Action: Control predators not on islands
A single replicated and randomised, paired sites study from the UK found that plots with predator control had increased density and fledgling success of breeding birds.
When predators are controlled on continental sites, rather than islands, the chances of eradicating predators are far smaller and may not be desirable – many of the studies we have captured describe the control of native predators.
We have classed landmasses above approximately 5,000 km2 as ‘non-islands’ because the largest island where eradication has so far been attempted (as of July 2011) is South Georgia, South Atlantic, at 3,718 km2.
One study discussing the impacts of predator control on bird communities is described below; studies describing the effects on individual taxa are in subsequent sections.
Supporting evidence from individual studies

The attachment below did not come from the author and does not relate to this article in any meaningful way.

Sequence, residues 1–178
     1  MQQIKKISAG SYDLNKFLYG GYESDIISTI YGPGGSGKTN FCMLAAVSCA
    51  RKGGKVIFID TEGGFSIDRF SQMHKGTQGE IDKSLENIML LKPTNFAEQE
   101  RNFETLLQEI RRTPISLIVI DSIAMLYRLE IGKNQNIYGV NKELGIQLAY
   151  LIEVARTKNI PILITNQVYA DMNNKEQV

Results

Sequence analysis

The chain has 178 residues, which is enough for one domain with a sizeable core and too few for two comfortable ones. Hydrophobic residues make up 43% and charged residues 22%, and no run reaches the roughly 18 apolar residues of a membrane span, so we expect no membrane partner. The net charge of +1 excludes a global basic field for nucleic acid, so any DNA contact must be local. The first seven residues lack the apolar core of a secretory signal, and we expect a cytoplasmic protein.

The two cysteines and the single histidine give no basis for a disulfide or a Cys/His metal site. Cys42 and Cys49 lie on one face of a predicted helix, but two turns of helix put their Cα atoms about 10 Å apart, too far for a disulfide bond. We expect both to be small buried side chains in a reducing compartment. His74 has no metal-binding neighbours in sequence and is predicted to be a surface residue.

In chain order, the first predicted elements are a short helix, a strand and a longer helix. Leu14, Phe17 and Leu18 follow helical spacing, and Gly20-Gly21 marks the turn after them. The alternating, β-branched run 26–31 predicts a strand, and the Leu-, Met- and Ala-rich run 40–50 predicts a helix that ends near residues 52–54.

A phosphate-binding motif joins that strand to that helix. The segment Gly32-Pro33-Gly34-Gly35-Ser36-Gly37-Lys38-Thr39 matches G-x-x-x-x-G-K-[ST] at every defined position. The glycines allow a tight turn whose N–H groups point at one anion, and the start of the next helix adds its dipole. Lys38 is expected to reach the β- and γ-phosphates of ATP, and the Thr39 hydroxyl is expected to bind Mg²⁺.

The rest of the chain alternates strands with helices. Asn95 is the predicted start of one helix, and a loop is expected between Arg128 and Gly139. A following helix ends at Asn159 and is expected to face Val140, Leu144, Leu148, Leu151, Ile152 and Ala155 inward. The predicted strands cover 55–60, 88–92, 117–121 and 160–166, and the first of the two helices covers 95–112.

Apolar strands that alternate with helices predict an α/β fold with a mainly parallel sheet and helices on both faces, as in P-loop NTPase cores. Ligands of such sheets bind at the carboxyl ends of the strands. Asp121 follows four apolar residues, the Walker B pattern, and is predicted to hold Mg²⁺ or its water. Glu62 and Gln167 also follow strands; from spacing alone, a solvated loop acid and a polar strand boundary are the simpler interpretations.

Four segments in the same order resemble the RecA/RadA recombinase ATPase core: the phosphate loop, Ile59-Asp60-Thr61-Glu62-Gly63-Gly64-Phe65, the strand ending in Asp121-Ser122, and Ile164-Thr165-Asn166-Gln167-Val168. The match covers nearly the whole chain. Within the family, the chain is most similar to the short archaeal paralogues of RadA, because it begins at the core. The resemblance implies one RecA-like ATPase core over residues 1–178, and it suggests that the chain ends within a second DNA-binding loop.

A replicated, randomised, paired site study from March-July in 2000-2008 in 2 pairs of plots (9.3-14.4 km2) in Northumberland, UK (Fletcher et al. 2010) found that plots where predators were experimentally controlled displayed increased density and fledgling success of breeding birds. Reductions in foxes Vulpes vulpes and carrion crows Corvus corone led to an average threefold increase in the percentage of pairs fledging young of lapwing Vanellus vanellus, golden plover Pluvialis apricaria, curlew Numenius arquata, red grouse Lagopus lagopus scoticus and meadow pipit Anthus pratensis; and subsequently led to increases in breeding numbers (? 14%/year) of lapwing, curlew, golden plover and red grouse, all of which declined in the absence of predator control (? 17%/year). There was no significant effect of predator culling for any wader species. Predator culling reduced the abundance of fox by 43% and crow 78%.